Anselm Kiefer Explored: Wim Wenders’ Reverential 3D Portrait Reviewed

Wim Wenders’ film about German artist Anselm Kiefer evokes amazement, terror, and even a kind of reverently docu-dramatized PTSD.

The painter, photographer, enormous installation artist, and illustrated book artist is lauded but also chastised for his involvement with German fascism and the Holocaust, which he mediated through his lifelong love of Paul Celan’s poetry.

The video depicts his work, with little archive interview material. However, there are some fancifully planned but skillfully done fantasy scenes of the artist as a child and young ad*lt. The term may refer to using his first name more formally, like Leonardo or Michelangelo.

Wenders delivers this film in 3D, as he did with his Pina Bausch study in 2011 – the three dimensions’ effect was to emphasize the dancers’ physicality.

It has a more architectural effect at Kiefer’s studio settings, particularly at his huge 40-hectare atelier site La Ribaute in Barjac, near Nîmes in the south of France, which, with all of its enormous exhibition halls and sculpture gardens, is effectively this creator’s own city-state.

Anselm Kiefer Explored: Wim Wenders' Reverential 3D Portrait Reviewed

The 3D delineates the immense forms and gigantic structures that loom up and out of the screen: we are immersed in this location in the same manner that visitors would be, if not more so, because the camera is positioned on drones and platforms, and the video constantly pushes you to go into cathedral-rubbernecker mode.

Watching the artist at work, wandering or cycling around his massive warehouse, with inventions piled or stacked in every corner, is both fascinating and terrifying.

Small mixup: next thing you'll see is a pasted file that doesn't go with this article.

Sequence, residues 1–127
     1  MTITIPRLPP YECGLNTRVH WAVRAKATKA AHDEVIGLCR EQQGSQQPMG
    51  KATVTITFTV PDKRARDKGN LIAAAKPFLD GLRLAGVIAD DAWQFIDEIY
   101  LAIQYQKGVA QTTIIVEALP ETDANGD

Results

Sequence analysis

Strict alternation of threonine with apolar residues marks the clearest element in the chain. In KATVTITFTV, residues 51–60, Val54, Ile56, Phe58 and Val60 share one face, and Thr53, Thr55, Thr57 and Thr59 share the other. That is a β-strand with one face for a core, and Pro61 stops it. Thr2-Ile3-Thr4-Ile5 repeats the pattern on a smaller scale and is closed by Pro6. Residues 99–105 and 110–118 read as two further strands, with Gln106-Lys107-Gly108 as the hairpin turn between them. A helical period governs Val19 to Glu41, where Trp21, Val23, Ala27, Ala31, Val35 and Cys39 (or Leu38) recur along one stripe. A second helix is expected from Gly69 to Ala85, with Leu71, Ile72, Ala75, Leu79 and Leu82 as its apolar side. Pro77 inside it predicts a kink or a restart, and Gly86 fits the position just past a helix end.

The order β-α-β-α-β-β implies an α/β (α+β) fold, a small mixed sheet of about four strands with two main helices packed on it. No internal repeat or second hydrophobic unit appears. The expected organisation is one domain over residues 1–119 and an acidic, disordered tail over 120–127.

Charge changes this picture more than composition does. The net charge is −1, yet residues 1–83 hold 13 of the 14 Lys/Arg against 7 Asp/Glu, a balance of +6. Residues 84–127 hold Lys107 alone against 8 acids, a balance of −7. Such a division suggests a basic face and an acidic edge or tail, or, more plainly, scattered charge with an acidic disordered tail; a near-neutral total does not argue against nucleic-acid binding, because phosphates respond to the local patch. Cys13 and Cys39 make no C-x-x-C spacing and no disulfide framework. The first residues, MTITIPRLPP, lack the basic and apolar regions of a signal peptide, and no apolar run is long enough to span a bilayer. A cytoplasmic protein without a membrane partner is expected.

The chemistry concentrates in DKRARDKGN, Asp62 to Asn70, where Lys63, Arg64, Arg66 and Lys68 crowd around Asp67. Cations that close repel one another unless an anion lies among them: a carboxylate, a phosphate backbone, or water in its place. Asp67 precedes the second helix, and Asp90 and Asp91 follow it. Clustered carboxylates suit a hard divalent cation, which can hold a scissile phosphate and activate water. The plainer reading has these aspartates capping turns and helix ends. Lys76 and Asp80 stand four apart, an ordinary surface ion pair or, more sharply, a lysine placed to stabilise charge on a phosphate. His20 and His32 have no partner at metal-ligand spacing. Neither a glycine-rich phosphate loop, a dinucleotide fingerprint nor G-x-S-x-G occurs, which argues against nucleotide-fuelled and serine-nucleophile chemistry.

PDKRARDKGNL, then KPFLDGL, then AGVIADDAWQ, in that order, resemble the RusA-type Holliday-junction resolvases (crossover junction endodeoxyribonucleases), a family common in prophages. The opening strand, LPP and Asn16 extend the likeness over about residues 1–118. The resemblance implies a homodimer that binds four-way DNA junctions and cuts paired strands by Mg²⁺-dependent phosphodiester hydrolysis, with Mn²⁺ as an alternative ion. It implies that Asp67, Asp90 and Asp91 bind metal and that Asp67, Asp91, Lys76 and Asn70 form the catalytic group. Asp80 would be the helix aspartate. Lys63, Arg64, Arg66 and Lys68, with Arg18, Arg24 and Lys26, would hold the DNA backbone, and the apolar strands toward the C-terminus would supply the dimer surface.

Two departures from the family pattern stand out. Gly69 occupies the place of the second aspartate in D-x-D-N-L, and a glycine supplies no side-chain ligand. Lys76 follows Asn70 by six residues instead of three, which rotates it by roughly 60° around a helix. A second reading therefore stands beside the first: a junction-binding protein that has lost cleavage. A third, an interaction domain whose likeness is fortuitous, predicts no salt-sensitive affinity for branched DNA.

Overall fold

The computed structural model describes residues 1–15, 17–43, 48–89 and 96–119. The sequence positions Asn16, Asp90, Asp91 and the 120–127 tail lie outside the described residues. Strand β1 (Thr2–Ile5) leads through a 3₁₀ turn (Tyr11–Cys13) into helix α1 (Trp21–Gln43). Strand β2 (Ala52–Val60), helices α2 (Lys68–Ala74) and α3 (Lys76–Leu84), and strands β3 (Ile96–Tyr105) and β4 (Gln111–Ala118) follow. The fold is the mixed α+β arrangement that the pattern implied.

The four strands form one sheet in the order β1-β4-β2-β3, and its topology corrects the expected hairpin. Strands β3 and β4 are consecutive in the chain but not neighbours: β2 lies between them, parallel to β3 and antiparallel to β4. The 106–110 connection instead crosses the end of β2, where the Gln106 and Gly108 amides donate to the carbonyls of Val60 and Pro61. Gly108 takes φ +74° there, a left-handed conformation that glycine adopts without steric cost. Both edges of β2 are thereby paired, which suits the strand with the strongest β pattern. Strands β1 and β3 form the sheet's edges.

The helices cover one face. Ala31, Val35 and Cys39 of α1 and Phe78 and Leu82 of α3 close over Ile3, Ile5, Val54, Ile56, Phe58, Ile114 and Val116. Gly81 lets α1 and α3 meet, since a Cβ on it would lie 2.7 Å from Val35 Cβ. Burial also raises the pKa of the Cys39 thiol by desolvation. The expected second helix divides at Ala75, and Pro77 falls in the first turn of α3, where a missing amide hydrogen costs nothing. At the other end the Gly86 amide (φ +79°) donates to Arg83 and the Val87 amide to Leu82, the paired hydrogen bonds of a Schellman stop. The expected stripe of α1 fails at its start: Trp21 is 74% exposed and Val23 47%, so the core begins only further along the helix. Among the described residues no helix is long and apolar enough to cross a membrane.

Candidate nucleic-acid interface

Does he have any assistants? The film doesn’t show any, although there are some individuals doing the menial work of assisting him with the machinery he requires, especially while he is painting enormous moodscape canvases using charred and b*rned materials.

Although there are gobsmacked laughs to be had when you see Kiefer with an actual flamethrower incinerating the straw-matted surface of a painting to get that texture of devastation, he is accompanied by someone whose job it is to spray water on the surface immediately afterward to make sure things don’t get out of hand.

Kiefer looks to be a severe cigar smoker in this film: fortunately, he doesn’t have one lit while doing this, but his insurance bills must be sky-high.

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Of course, Kiefer’s angry, passionate, haunted images are driven by Germany’s dark past. Wenders’s film persuasively suggests that the seed of inspiration is to be found in the ruins of 1945, the year of the artist’s birth.

The indelible images of broken Berlin provide the dark tumult from which Kiefer’s work emerges. Kiefer developed work derived from fascist or Nazi iconology or the 19th-century German mythic themes that the Nazis used in a confrontationally transgressive and humorous mood.

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However, Wenders’ film allows some room for Kiefer’s adversaries, who argue that he is riding a wave of demonic inspiration and that his work is having its anti-fascist cake and eating it.

Kiefer is shown in old footage repudiating these suggestions although the issue is not raised in the present tense. Dismissing Kiefer’s macho grandeur and the “headless women” ball gowns that dominate the film’s opening part is still feasible.

Nonetheless, this is a brilliantly controlled and conveyed film, with a high level of seriousness about the nature and purpose of art that is energizing.

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